Coca-Cola has been accused of supporting the regime of Swaziland dictator King Mswati III.
The Swaziland Democracy Campaign, an organisation that aims to depose Africa’s last absolute monarch, has called on the multi-billion dollar drinks giant to pull out of the country immediately.
The U.S.-based beverage firm owns a manufacturing plant in Swaziland – its biggest facility in Africa.
Dictator: Coca-Cola has been accused of supporting the regime of Swaziland dictator King Mswati III
Mswati, who presides over one of the poorest nations in the world despite a personal wealth of £64million ($100million), has even visited Coca-Cola’s headquarters in Atlanta, Georgia.
‘Coca-Cola must know they’re doing business with the wrong people,’ Swaziland Democracy Campaign spokersperson Mary Pais Da Silva told the Guardian.
‘At the end of the day it doesn’t benefit the economy in any way. Their profits don’t help the average Swazi, while the king is getting richer by the day.
‘Nobody should do business with the regime in Swaziland.‘
Coca-Cola contributes up to 40 per cent of Swaziland’s gross domestic product, according to activists. The company says that Mswati doesn’t receive any profits from its factory in the country.
Lucky Lukhele, a spokesman for Swaziland Solidarity Network, said there ‘is no such thing as a middle ground’ and compared cooperating with Mswati’s regime to supporting apartheid in South Africa.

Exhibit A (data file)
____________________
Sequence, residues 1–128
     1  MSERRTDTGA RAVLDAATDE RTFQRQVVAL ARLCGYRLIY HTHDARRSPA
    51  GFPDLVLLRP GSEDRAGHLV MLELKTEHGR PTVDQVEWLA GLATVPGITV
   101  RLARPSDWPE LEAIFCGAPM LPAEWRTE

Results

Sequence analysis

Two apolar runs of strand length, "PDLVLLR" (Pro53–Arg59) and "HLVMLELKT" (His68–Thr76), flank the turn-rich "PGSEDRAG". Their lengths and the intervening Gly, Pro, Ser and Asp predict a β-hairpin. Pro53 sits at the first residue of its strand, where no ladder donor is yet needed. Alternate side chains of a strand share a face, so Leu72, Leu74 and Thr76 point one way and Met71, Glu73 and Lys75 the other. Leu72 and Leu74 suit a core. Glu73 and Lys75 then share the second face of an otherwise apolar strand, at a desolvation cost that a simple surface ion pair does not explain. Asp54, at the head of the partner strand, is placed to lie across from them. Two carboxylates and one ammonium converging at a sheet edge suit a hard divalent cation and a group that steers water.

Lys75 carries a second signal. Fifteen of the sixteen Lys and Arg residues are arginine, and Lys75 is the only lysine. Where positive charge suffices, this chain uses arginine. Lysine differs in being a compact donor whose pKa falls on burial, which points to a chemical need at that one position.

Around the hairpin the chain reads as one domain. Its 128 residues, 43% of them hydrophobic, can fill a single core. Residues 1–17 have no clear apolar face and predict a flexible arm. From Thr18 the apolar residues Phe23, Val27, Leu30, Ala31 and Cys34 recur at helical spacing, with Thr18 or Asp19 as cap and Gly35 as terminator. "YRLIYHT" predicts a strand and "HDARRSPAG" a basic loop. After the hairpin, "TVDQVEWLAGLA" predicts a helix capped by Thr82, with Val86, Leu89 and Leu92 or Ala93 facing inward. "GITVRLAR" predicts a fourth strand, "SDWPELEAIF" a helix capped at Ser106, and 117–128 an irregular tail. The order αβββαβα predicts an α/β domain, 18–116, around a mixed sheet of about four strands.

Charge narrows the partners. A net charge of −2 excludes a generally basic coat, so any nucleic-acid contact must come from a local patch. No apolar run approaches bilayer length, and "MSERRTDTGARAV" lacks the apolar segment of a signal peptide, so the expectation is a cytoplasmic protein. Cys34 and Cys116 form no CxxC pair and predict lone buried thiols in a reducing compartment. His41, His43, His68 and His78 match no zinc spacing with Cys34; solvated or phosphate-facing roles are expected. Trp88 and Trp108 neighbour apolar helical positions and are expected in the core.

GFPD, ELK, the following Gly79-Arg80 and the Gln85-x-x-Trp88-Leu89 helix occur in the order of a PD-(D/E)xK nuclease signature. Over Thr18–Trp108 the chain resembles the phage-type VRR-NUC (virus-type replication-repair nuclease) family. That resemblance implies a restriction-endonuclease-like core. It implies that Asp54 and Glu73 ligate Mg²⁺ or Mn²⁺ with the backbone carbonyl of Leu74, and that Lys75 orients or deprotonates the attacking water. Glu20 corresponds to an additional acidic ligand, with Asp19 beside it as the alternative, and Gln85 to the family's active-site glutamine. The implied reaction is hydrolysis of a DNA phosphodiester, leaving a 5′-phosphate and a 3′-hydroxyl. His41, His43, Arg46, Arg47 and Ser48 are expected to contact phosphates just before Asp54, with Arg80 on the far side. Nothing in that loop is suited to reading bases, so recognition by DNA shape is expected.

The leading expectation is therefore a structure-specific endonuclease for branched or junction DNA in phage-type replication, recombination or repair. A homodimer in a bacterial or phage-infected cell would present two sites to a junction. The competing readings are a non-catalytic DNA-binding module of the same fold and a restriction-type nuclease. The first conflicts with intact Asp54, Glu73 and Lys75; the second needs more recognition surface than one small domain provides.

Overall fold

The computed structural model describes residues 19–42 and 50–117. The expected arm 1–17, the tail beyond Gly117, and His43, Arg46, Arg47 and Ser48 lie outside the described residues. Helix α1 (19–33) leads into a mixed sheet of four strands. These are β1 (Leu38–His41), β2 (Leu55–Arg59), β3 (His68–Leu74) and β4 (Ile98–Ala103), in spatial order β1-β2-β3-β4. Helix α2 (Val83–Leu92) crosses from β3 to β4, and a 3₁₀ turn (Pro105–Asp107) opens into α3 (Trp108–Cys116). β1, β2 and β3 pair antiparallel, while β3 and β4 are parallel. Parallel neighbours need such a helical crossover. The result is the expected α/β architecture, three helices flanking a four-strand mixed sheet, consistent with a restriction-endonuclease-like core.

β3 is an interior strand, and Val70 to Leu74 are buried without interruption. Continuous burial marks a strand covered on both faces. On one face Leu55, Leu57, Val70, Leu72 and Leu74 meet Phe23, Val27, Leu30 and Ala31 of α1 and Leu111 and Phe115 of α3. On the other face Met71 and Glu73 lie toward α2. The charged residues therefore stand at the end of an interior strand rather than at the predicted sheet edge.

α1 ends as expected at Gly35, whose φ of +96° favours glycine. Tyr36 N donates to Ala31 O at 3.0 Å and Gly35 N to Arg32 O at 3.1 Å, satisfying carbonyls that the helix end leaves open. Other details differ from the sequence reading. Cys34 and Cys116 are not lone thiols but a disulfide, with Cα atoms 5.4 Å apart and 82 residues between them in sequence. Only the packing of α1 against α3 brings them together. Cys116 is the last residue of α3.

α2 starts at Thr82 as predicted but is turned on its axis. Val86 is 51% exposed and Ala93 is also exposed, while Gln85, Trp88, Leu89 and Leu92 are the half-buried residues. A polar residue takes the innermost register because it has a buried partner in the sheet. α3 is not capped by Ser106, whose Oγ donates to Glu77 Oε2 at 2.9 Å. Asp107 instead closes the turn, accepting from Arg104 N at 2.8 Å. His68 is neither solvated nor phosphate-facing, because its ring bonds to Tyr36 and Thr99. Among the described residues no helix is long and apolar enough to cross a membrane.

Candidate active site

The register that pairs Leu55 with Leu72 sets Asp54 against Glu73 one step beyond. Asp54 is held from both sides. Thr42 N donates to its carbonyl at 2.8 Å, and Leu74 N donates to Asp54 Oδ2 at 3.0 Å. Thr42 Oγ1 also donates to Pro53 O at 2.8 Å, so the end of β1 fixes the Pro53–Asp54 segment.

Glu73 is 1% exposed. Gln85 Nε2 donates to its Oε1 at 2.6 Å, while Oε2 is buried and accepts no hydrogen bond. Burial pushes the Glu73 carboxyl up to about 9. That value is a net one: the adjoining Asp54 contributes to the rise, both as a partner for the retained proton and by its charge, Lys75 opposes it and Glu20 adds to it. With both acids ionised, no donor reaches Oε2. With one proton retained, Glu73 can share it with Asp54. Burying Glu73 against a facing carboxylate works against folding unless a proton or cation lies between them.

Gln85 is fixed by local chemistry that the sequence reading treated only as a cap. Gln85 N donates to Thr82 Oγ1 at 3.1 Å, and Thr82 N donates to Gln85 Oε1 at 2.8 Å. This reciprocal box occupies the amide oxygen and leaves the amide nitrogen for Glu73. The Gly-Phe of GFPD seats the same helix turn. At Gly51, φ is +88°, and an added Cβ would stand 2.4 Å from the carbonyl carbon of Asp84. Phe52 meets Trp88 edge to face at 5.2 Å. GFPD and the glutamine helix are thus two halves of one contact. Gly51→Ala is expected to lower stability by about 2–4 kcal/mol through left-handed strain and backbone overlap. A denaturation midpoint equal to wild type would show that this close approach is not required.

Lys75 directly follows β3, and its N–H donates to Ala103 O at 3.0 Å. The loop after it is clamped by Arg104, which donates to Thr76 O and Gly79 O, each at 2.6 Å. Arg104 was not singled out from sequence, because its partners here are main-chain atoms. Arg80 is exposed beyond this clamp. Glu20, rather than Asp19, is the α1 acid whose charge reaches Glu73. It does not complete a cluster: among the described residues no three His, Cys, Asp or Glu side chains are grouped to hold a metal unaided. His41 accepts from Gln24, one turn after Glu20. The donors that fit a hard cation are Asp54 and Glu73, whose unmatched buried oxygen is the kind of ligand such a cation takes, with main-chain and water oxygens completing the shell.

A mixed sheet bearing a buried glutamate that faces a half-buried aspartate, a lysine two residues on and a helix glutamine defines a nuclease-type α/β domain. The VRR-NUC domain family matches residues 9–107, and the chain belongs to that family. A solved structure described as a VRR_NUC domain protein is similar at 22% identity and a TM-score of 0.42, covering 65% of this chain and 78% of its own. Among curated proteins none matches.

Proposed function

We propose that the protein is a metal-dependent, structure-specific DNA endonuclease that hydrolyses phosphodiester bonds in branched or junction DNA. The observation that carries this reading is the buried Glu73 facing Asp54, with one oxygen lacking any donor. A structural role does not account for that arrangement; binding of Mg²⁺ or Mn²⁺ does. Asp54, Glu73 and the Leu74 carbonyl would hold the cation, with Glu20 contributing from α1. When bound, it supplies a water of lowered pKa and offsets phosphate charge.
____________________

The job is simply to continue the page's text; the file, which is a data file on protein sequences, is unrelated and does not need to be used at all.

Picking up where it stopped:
The drinks behemoth set up its Swaziland base in 1987 after abandoning apartheid South Africa.
Multi-billion firm: Mswati has even visited Coca-Cola’s headquarters in Atlanta, Georgia (pictured)
A spokeswoman for Coca-Cola last night said the firm adheres to the ‘highest ethical standards’.
Sherree Shereni said: ‘King Mswati III does not receive any profits or dividends from Conco Swaziland, Coca-Cola’s concentrate production plant.
‘Through the Coca-Cola Africa Foundation, which was set up in Swaziland in 2001, the population of Swaziland has benefited from Coca-Cola’s contributions to their social welfare in the areas of water stewardship, health, education and entrepreneurship.’
Mswati’s lavish lifestyle has come under fire in recent months from campaigners who have demanded democracy in Swaziland.
The monarch currently rules his 1.2million subjects through informal discussion with the country’s cabinet, who he appoints himself.
But last year the authorities were forced to quell a string of protest against his autocratic rule.
Mswati, who was educated at Sherborne School in Dorset, has repeatedly refused to consider reform.
Political opposition parties in the country are banned and activists are routinely arrested or assaulted.
Despite the criticism of his rule, Mswati enjoys backing from neighbouring South Africa, who recently propped up the economy of its junior neighbour with a £215million loan.
Swaziland is a former British protectorate which gained independence in 1968. The vast majority of its citizens live in poverty.
The population has also been ravaged by Aids and has one of the highest rates of infection in the world.
Some studies have suggested that up to 40 per cent of the population could be living with the disease.